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Words related to Damascene

a native or inhabitant of Damascus

a design produced by inlaying gold or silver into steel

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inlay metal with gold and silver

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(of metals) decorated or inlaid with a wavy pattern of different (especially precious) metals

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References in periodicals archive ?
Wood inlaying craft is a very ancient anddistinguished Damascene handmade craft, where itbrought together the art and profession, aspecialist in wood inlaying, Arafat Utta Bashitold SANA.
By this time, native civilian Damascenes also acquired the status of 'askari; i.
Pascual in their study of Damascene probate inventories notwithstanding (Families et fortunes a Damas: 450 foyers damascains en 1700 [IFEAD, 1994], 185), where they mention the registration in an inventory list of a woman's estate entered into the probate inventories even though she had two living majority-aged children.
In this author's study of consumer culture in mid-eighteenth-century Damascus, his use of unpublished manuscripts authored by the renowned Damascene intellectual 'ABd al-Ghani al-Nabulsi (thus in the volume) (consulted by Grehan in the Suleymaniye Library, Istanbul), which are contemporaneous with the inventories studied for this book, along with chronicles penned by the eighteenth-century Damascene Ahmad al-Budayri and earlier ones in Damascus such as the work by Ibn Kan'an, supplement and contextualize Grehan's information obtained from the probate inventories.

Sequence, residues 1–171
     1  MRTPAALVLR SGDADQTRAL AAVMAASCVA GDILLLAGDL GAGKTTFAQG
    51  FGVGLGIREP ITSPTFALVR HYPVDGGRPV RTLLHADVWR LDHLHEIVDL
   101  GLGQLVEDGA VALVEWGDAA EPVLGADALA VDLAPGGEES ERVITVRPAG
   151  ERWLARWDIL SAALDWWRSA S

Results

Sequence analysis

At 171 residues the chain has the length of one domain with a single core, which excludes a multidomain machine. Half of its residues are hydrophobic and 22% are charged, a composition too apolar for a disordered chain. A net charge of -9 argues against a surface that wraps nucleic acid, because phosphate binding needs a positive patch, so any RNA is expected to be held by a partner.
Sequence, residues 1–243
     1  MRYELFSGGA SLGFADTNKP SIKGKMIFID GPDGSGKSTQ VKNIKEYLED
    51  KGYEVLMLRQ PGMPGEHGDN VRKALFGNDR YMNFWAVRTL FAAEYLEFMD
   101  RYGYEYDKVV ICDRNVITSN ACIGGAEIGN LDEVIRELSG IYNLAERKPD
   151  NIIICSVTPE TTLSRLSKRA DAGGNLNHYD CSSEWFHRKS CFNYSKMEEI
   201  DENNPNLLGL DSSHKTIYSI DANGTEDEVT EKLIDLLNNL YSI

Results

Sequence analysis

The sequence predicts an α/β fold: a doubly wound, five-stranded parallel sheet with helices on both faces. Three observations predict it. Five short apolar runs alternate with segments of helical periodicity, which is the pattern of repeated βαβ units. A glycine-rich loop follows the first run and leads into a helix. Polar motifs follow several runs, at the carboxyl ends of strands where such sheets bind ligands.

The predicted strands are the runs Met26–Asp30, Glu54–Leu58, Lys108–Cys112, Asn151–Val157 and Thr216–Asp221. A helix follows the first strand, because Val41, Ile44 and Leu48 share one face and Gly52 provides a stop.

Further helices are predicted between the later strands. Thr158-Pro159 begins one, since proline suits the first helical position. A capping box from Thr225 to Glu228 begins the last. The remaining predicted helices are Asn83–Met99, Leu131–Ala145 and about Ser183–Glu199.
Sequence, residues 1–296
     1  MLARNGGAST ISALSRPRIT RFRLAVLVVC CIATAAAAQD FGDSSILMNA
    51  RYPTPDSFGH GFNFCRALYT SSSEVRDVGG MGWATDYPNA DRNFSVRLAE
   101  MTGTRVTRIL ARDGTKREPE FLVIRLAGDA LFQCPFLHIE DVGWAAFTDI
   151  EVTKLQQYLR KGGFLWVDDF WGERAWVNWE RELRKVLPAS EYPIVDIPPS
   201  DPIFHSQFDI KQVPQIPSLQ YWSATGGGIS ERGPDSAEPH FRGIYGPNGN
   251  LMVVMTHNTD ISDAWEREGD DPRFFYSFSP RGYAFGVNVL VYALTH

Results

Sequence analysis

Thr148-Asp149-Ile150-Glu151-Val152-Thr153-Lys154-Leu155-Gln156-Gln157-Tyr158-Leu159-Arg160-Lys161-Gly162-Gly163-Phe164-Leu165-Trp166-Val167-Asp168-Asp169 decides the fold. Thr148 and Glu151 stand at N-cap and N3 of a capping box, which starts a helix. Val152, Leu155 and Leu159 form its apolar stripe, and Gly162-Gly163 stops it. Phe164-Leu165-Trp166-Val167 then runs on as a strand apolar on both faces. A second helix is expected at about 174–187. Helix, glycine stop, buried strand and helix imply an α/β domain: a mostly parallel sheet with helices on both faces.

6) and touch upon the habitus of the ordinary Damascene in the mid-eighteenth century.
120) (the Damascene chronicler al-Budayri's Journal), the relevant pages are not specified.
39) So the practice of good manners--or among less educated Damascenes, of simple self-restraint in word and deed--was not merely an idle preference; it brought tangible benefits to the social order that everyone recognized.
Despite acknowledging the virtues of civility, Damascenes answered to other values which cannot be explained by reference to etiquette manuals alone.
Infusing many of these quarrels were unspoken sensitivities about personal honor, which the ulama, no less than other Damascenes (and perhaps even more so, on account of their high status), were very careful to protect.
How might Damascenes actually express their contempt for others?
Mount Qassioun is held in high regard by the Damascenes for its holy places.